Mental Health “Glow-Up”: How to Win Gen Z

  1. Underserved & Emerging Consumers: Gen Z will overtake Millennials as the largest generation in 2022. This demographic will drive changes in values and consumer behavior. As Gen Z begins to command greater purchasing power, we make investments knowing that this will become an increasingly important group for platforms and brands to target.

Mental Health Solutions Built for Gen Z

Gen Z takes a holistic approach to mental health. Gen Zs spend more time and money on preventative measures (56%) than episodic reasons (44%), placing their attention on integrating wellness into daily routines to avoid health concerns from arising in the first place. As such, I focused my research on understanding solutions outside of traditional provider relationships that prevent uncontrolled mental health concerns from escalating into issues that require more extensive evaluation by a physician. Early movers building mental health solutions in this space fall into three categories:

  1. Text-Based Support: On-demand texting with a trusted care professional for convenient access to advice
  2. Social Communities: Online healthy social networks that allow users to share with and respond to others on the platform

1) Self-Care Programs

ClassPass memberships, Lululemon, and Goop are just a few ways Gen Z integrates mental wellness into daily routines. While these brands were not built exclusively for Gen Z, they have been widely adopted by this demographic and represent the first iteration of mental health solutions for teens. Gen Z’s interest in wellness creates an opportunity for apps offering fitness, nutrition, sleep, mood tracking, and mindfulness solutions.

  • Shine, which helps create self-care rituals through meditation, community, and reflection; and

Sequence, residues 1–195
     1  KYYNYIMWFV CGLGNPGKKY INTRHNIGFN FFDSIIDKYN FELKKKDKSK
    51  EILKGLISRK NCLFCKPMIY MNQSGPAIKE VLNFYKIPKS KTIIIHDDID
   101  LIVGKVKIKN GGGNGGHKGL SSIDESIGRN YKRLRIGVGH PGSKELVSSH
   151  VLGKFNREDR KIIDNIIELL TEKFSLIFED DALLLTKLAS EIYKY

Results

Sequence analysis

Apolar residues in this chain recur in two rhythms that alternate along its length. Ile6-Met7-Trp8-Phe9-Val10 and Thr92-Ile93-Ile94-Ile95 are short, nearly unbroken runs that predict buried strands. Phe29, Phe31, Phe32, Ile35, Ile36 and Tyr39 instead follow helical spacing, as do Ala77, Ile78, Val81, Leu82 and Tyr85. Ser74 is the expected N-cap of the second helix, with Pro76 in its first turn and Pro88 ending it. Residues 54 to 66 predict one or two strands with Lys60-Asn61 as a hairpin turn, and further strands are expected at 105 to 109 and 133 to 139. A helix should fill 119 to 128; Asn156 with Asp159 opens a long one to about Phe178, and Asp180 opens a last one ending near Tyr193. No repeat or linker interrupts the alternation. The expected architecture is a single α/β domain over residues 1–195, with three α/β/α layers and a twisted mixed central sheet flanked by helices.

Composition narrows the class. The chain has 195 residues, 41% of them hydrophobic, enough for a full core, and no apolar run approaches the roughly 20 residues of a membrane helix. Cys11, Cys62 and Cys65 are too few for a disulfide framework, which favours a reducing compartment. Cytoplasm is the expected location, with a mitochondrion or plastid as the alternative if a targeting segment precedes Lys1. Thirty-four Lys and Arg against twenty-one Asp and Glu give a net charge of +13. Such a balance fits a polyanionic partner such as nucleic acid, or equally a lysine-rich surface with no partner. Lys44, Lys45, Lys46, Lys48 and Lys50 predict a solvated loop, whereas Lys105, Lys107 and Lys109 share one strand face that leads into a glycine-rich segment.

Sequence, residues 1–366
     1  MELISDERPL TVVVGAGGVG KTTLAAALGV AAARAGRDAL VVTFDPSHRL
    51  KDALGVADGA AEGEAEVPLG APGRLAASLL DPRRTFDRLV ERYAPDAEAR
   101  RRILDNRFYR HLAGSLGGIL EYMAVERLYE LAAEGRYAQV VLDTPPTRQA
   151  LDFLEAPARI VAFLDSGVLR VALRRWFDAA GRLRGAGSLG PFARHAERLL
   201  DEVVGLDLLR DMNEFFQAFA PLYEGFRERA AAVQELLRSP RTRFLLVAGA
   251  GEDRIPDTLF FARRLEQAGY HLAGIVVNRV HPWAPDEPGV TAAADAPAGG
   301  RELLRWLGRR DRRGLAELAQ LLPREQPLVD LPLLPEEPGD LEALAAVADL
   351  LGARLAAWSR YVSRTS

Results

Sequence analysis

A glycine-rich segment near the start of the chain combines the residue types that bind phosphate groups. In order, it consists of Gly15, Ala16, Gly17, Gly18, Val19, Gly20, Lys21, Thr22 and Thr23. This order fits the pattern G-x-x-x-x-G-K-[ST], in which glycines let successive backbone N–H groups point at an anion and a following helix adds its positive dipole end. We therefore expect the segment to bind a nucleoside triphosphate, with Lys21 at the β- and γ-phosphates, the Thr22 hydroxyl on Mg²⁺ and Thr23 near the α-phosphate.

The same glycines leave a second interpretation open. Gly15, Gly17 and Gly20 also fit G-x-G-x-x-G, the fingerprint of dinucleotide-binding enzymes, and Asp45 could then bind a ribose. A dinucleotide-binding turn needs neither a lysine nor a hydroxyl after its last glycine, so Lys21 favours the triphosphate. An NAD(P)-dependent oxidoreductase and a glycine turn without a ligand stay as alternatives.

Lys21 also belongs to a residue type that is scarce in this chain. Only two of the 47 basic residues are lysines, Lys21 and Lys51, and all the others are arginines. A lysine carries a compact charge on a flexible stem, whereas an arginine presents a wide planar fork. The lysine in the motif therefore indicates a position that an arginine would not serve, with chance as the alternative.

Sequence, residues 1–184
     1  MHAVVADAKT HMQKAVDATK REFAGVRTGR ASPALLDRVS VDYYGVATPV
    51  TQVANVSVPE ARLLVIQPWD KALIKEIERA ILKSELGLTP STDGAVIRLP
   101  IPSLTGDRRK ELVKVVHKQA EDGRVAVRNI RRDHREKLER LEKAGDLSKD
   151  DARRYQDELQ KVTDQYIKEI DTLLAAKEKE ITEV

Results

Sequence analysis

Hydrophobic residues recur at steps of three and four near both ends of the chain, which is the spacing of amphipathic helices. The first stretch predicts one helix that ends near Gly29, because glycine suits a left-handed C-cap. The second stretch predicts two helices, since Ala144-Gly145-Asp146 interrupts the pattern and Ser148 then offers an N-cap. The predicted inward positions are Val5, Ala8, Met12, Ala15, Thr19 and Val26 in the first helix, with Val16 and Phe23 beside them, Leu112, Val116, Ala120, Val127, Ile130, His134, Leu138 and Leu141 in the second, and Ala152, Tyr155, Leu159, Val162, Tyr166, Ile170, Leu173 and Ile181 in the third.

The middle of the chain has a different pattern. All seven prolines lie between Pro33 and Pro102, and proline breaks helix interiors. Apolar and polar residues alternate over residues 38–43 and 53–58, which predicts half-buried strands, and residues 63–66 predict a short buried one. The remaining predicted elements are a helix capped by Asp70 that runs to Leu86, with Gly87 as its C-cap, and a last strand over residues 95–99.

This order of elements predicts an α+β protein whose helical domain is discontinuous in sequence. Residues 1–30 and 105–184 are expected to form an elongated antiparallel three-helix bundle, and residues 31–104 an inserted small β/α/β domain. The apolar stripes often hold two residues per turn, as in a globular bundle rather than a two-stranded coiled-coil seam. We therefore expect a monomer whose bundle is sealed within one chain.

• Open, a platform offering meditation, breathwork, and movement.

2) Text-Based Support

Convenience: In situations where teens desire advice from a live, trusted professional, on-demand care will be prioritized. Given Gen Z has grown up in a world of convenience and accessibility at their fingertips through apps like GrubHub and Uber, it may be unrealistic to expect Gen Z teens to schedule an appointment several weeks in advance to connect with a mental health professional. Convenience is now table stakes, and mental health solutions that prioritize this are best positioned to succeed.

  • Ginger, which offers text-based behavioral health coaching; and
  • MindRight, which provides culturally responsive text-based coaching.

3) Social Community

A majority of Gen Z is comfortable building online-only relationships. Whether it’s through Twitter or Clubhouse, 56% of Gen Z is friends with someone they only know from online interactions. As it relates to mental health, 78% of Gen Zs believe that technology supports them by providing an opportunity to connect with others who may be struggling with similar issues. Given this generation is more likely to turn to social media and friends than physicians, there is an opportunity to create an online community that promotes mental wellness.

  • Blue Fever, an anonymous social network platform for expression and support of emotions; and
  • Inpathy, a healthy social network for users to share audio or video content with each other.


Tackling the teen mental health market does not come without challenges, but prompt action is necessary given stressors are at an all-time high and the importance of equipping teens with the appropriate resources to manage their wellbeing.



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